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I know how hard links and symlinks work and I know why hard links can't be used for directories but in this case, is it some kind of exception?

For example I do:

ls -al Documents

total 8
drwxr-xr-x  2 piotr piotr 4096 cze 28 11:19 .
drwxrwx--- 17 piotr piotr 4096 lip  2 16:41 ..

. is a hard link to Documents itself and .. is a hard link to my home directory so hey, it's illegal

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  • 2
    hard links to directories are not "illegal". They are standard. That the user cannot create arbitrary hard links (e.g. with ln) is not the same as saying they may not exist. Jul 2 at 15:12
  • macOS (a certified UNIX system) used to use hard links to directories for its builtin backup software, but they weren't creatable via ln
    – Fox
    Jul 2 at 15:49
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As someone said in a comment on the question, just because hard links to directories aren't permitted (i.e., by the ln command), does not mean they are not possible. The superuser can actually use the "-d" or "-F" option to the ln command to force the creation of a hard link to a directory (though the man page says it will "probably" fail due to filesystem restrictions - not sure what that's about, and I'm not going to try it on one of my own systems to see...).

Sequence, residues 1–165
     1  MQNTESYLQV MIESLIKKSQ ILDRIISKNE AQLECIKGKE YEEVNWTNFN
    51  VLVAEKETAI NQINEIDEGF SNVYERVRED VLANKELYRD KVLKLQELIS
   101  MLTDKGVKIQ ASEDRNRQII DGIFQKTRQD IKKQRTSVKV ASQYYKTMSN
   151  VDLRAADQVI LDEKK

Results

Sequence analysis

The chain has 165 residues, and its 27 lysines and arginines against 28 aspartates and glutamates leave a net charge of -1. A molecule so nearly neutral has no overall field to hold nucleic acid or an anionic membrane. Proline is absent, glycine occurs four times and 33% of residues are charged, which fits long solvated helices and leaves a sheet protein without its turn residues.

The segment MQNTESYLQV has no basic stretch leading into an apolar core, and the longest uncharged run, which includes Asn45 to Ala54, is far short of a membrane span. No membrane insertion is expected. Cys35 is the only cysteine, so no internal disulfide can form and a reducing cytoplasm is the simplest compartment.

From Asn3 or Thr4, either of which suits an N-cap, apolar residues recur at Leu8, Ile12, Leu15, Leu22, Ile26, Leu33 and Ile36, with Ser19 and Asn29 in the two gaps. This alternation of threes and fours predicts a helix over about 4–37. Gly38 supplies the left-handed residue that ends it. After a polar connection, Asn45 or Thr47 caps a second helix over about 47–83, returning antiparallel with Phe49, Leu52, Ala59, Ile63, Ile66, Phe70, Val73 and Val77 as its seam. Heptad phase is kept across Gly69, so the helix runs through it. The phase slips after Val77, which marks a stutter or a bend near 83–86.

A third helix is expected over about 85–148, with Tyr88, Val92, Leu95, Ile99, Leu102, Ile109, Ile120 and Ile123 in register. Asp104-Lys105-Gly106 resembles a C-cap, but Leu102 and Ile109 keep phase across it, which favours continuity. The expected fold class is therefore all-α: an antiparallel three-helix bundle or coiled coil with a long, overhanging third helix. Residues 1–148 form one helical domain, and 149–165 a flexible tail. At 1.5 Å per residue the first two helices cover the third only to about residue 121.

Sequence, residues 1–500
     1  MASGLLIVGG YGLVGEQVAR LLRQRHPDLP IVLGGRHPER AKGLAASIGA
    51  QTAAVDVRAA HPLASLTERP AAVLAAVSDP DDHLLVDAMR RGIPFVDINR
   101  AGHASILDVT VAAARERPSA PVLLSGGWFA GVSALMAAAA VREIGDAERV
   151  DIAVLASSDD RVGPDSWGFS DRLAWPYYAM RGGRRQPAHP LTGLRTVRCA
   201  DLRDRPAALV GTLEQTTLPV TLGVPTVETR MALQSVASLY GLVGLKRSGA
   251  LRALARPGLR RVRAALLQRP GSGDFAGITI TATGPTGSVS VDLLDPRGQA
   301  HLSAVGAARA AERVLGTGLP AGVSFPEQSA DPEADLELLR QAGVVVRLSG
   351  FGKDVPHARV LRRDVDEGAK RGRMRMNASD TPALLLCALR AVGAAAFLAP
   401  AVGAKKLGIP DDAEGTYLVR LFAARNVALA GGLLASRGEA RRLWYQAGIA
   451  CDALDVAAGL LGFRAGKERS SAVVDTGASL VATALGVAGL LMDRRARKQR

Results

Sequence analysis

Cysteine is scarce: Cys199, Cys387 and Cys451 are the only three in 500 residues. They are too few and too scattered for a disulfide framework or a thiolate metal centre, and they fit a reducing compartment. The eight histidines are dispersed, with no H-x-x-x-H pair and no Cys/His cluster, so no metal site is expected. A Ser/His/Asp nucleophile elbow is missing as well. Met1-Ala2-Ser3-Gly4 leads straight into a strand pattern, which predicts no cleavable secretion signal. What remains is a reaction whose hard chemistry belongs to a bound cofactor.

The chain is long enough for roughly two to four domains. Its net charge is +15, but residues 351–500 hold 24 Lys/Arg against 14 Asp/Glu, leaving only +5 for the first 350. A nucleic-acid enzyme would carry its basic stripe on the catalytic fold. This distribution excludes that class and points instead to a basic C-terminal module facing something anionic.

Hard links to directories are not permitted because they can create loops for programs that try to traverse the directory structure. In any directory, . and .. are hard links to that directory, and its parent, respectively - these are "well known" special cases and anything that tries to traverse the filesystem knows to account for that. But it is certainly technically possible to create a hard link to a directory if you're persistent - it's just not advisable.

1
  • it can fail due to filesystem restrictions because not every file system supports hard links
    – phuclv
    Jul 3 at 1:22

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